(07-29-2019, 03:41 PM)Aliza Wrote: I have never been taught anything other than the Jews expect a resurrection of the dead as a sign that the Messianic era is here. There are multiple ways that are imagined in Jewish texts detailing how that resurrection might take place,  but no one definitieve view is taken. It seems reasonable to me that the Jesus-era Jews understood from previous cultural expectations that a resurrection (of the dead) was a prerequisite of the Messianic era. I think that's the only reason the NT discusses a resurrection at all; it needed to be there.

I had a long response to this written out, and got an error message from this site, and at least an hour of work is wasted.
When I get over being pissed, I'll write a response, ... maybe. And yes we do know a lot about Hebrew culture and it's long development.

I'm really sorry that happened. Sad

I'll look forward to reading your reply when you can post it.
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#30

The savior according to Judaism
(07-29-2019, 05:56 PM)Bucky Ball Wrote: ... I had a long response to this written out, and got an error message from this site, and at least an hour of work is wasted.  When I get over being pissed, I'll write a response ...

I've been clobbered by that hammer.  Worse than smacking your thumb.  When my posts start to become essays I cut and paste over to Word and finish there.  Then start a fresh reply and paste back.

But it's more fun to stay pithy, (or at least attempt it), not to mention a lot less work.  Tongue
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#31

The savior according to Judaism
So there are really two (maybe three or more) issues going on here.
The development of Jewish concepts of the messiah, and how and why they changed,
the Christian take-over of those, the early change in Christianity from the Jewish concept to "salvation from sin" and why that happened.

But as Min said, it is also important to keep in mind the real history of the kingdom(s). Ancient Israel actually existed as one kingdom for a very short historical period, (like about 150 years).
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#32

The savior according to Judaism
Actually there is no evidence that they were ever one kingdom.  That was a bible claim which, like so many other bible claims, exists only within the rather useless pages of that shitty book.   

This chart shows the relative location of settlements in the northern and southern extremes of Palestine ( Edom and Moab would have been to the East).  The population density is based on the superior agricultural potential of the north as opposed to the south which well into the historical period remained primarily the domain of herders with only a few minuscule villages scattered about.

[Image: Early%20Israelite%20settlements.jpg]

Finkelstein notes that this only began to change with the Assyrian conquest of the Omride kingdom ("Israel") in the late 8th century BC and the population of Judah began to expand because of refugees. Again, we have no texts by Judahite sources.  Assyrian, Damascene and Moabite yes, but the Judahites seem to have been illiterate fucks!
Robert G. Ingersoll : “No man with a sense of humor ever founded a religion.”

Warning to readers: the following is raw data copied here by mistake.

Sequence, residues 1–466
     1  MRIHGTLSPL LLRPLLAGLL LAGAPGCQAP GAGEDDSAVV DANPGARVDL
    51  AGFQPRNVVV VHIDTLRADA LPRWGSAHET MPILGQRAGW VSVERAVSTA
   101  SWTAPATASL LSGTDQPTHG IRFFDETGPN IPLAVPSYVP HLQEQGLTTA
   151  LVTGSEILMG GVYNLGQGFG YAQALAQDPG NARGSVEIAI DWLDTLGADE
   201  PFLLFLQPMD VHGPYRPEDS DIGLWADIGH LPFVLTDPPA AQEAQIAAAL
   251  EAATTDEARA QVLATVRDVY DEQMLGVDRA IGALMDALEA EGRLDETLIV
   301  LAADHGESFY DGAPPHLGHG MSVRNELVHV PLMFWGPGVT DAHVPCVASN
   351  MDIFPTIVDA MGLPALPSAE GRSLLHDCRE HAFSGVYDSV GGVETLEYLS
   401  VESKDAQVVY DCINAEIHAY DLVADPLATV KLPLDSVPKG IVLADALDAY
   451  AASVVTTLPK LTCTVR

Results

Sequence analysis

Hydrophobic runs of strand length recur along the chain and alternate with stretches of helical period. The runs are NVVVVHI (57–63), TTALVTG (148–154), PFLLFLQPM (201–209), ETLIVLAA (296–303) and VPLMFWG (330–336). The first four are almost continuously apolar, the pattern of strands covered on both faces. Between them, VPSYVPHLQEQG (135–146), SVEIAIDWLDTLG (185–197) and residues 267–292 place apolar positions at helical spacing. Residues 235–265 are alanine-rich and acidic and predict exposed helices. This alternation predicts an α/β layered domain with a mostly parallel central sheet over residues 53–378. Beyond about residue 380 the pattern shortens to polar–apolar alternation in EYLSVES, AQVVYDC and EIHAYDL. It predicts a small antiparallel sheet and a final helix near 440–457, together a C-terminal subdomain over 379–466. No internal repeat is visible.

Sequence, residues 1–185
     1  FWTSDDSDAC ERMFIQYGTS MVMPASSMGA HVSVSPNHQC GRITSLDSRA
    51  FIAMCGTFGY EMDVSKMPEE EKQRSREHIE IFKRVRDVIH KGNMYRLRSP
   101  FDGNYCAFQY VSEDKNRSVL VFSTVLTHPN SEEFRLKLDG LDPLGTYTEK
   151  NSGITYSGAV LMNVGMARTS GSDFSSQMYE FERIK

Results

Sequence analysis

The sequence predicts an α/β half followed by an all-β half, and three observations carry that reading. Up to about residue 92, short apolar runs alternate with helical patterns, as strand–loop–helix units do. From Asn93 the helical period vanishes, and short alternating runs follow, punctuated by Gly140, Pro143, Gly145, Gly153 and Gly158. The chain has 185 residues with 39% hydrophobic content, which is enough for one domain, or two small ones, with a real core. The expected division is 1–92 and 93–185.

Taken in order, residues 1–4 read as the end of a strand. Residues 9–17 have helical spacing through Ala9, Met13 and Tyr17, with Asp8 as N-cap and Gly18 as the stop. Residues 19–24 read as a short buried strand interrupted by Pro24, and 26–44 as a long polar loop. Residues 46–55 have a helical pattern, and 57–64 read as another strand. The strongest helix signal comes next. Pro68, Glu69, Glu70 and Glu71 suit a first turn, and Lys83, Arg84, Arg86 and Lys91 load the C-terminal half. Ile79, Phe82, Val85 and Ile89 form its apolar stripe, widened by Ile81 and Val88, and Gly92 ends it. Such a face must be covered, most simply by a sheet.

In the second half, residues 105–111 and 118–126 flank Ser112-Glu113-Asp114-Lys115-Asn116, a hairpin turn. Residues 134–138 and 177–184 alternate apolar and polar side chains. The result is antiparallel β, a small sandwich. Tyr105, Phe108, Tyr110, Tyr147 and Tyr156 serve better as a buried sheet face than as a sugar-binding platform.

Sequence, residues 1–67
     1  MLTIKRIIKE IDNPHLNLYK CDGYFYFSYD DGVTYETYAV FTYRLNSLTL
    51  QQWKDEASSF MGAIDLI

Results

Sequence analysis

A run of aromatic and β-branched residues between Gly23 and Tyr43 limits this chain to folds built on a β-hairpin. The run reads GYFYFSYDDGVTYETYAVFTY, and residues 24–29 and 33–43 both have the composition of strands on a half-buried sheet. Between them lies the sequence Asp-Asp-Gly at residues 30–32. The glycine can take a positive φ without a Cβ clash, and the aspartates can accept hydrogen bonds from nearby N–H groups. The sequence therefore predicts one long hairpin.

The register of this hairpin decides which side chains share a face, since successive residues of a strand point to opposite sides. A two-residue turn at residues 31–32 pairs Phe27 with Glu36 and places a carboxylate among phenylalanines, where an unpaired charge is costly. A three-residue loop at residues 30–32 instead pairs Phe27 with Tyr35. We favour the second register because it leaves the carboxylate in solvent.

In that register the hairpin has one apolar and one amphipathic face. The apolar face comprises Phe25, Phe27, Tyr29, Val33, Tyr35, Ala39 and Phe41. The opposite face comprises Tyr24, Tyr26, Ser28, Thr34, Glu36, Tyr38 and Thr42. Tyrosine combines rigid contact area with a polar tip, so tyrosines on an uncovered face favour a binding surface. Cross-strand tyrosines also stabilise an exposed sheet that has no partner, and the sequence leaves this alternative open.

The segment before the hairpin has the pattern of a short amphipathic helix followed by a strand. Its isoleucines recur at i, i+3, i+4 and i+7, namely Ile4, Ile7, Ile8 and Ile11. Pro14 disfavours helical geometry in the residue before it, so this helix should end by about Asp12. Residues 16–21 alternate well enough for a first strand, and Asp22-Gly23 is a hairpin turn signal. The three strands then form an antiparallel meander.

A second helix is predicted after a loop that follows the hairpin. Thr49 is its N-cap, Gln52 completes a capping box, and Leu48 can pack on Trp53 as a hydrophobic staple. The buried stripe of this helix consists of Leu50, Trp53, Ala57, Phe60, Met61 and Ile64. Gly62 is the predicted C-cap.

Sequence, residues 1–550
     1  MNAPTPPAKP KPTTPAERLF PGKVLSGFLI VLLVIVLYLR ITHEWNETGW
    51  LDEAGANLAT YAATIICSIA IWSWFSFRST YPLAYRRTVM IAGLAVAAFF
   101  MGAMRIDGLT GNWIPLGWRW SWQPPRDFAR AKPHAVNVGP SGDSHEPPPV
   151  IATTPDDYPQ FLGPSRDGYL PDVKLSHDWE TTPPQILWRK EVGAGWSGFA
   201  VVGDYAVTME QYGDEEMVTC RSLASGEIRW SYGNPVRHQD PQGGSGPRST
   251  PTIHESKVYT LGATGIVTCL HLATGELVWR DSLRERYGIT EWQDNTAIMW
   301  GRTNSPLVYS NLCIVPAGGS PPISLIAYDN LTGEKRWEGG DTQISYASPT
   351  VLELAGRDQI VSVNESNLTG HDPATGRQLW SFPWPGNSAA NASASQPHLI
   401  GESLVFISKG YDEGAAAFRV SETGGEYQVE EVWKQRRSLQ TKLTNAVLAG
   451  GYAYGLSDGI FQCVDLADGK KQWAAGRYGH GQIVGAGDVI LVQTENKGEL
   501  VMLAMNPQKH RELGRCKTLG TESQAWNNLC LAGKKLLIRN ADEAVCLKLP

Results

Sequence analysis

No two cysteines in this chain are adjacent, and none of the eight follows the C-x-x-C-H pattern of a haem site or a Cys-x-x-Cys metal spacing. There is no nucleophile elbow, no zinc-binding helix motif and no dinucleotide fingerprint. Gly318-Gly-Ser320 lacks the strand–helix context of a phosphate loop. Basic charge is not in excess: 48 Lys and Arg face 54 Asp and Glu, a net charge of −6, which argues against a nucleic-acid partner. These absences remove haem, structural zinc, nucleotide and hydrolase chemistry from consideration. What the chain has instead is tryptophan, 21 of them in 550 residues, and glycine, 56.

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#33

The savior according to Judaism
@Aliza

Saw this on another forum, a name was not provided, and I am uncertain how to respond:
The true Jewish Messiah came 35 years ago and saved the world from global nuclear destruction.

I'm assuming the individual meant the Rebbe, of whom you mentioned already, and I am inquiring.
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#34

The savior according to Judaism
(07-28-2019, 11:08 AM)Phaedrus Wrote: I understand that Jesus was not considered the Christ for whom the Jewish were waiting.

My question, rather, is do the Jewish ever expect their savior to make an appearance?

Or is it that at this point, the savior of the Jews is as likely as the second coming of Christ for christians?

The Jewish name for the messiah  is 'moshiach' .  'The word 'christ; AND ' Moshiach' simply mean 'anointed', as in 'anointed king'. NOT 'saviour'    As  far as I'm aware ,  orthodox  Jews  still expect the moshiach  to appear at some point.

 Even a brief glimpse at actual Jewish  prophecy about the Moshiach  rather than  Christian cherry picking  shows clearly why Jesus could not possibly be the messiah : 

The messiah  is to be a warrior priest, in the tradition of David 

He is most certainly NOT DIVINE

He will not die young, or violently  

The messiah will usher in an era of world peace, IE  for all people, Jews  and gentile 

That's about all I can remember.  Perhaps have a bit of a look yourself. 

The term 'end of days' is from The Torah, Book of Numbers:  24:14 "And now, I am going to my people. Come, I will advise you...what this people will do to your people at the end of days."
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#35

The savior according to Judaism
(08-26-2019, 02:45 AM)Phaedrus Wrote: @Aliza

Saw this on another forum, a name was not provided, and I am uncertain how to respond:
The true Jewish Messiah came 35 years ago and saved the world from global nuclear destruction.

I'm assuming the individual meant the Rebbe, of whom you mentioned already, and I am inquiring.

I can't imagine they're talking about anyone other than the Rebbe. There is one other extremist, cultist movement that may feel like their own Rebbe is "the one," though they're far less likely to be on the internet making posts or promoting their views. 

What's the nature of the site you're on? That might help me narrow it down.
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#36

The savior according to Judaism
(08-26-2019, 09:22 AM)Aliza Wrote: What's the nature of the site you're on? That might help me narrow it down.

Here's the link of the post where the person mentioned what I quoted above.